On the lifecycle dynamics of venture-capital- and non-venture-capital-financed firms
National Bureau of Economic Research, 2008 - Business & Economics - 36 pages
We use a new data set that tracks U.S. firms from their birth over two decades to understand the life cycle dynamics and outcomes (both successes and failures) of VC- and non-VC financed firms. We first ask to what market-wide and firm-level characteristics venture capitalists respond in choosing to make their investments and how this differs for firms financed solely by non-VC sources of entrepreneurial capital. We then ask what are the eventual differences in outcomes for firms that receive VC financing relative to non-VC-financed firms. Our findings suggest that VCs follow public market signals similar to other investors and typically invest largely in young firms, with potential for large scale being an important criterion. The main way that VC financed firms differ from matched non-VC financed firms, is they demonstrate remarkably larger scale both for successful and failed firms, at every point of the firms' life cycle. They grow more rapidly, but we see little difference in profitability measures at times of exit. We further examine a number of hypotheses relating to VC-financed firms' failure. We find that VC-financed firms' cumulative failure rates are lower than non-VC-financed firms but the story is nuanced. VC appears initially "patient" in that VC-financed firms are less likely to fail in the first five years but conditional on surviving past this point become more likely to fail relative to non-VC-financed firms. We perform a number of robustness checks and find that VC does not appear to have more stringent survival thresholds nor do VC-financed firm failures appear to be disguised as acquisitions nor do particular kinds of VC firms seem to be driving our results. Overall, our analysis supports the view that VC is "patient" capital relative to other non-VC sources of entrepreneurial capital in the early part of firms' lifecycles and that an important criterion for receiving VC investment is potential for large scale, rather than level of profitability, prior to exit.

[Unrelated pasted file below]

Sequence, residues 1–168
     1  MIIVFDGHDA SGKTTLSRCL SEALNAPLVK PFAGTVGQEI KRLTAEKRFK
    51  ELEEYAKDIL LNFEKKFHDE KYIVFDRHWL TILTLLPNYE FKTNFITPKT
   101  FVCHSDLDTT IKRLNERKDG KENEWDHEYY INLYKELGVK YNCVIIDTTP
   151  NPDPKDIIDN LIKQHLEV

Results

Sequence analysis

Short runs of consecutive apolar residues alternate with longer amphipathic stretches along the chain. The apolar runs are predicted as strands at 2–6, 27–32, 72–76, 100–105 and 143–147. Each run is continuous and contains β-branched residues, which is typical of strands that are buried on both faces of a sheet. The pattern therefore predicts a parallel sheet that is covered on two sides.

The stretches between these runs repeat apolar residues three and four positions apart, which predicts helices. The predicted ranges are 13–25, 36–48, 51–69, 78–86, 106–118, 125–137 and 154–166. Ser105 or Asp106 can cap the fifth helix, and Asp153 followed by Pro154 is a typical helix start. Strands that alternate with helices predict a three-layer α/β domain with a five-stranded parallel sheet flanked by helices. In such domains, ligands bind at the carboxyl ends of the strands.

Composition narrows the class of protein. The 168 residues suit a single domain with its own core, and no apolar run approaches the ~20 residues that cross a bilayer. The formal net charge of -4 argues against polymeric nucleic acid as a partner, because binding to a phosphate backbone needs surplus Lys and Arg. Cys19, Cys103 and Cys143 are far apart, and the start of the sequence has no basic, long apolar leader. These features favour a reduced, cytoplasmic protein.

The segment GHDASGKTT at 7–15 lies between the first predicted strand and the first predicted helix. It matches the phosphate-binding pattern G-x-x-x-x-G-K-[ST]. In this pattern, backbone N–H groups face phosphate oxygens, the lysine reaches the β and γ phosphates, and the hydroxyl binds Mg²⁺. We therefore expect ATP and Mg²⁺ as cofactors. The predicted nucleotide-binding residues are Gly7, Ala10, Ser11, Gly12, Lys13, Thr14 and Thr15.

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acquired acquisition or IPO business establishments coefficients differences between VC employment and sales enter the LBD estimates exit event exit rates fail failure dynamics failure rates financed firms Firm age firm creation firm exit firm first receives firm is classified firm.s firms created go public Gompers growth high reputation investors high reputation VC HighRepVC industry-year Initial Public Offerings kinds of VC lifecycle Longitudinal Business Database LowRepVC marginal probability matched sample multinomial logit natural logarithm non-VC-financed firms odds ratio outcomes panel data payroll probability of failure public market signals receive VC financing relative to non-VC relative to non-VC-financed reported reputation VC firms Sales data sample of VC sample period shut SIC codes signals of investment SSEL SUUIJ suuy t-statistics TimefromMatch TimefromVC Trade and Wholesale U.S. Census Bureau VC-financed and non-VC-financed VC-financed firms failure VCs invest Venture Capital VentureXpert West North Central wholesale trade Yes Yes Yes Zarutskie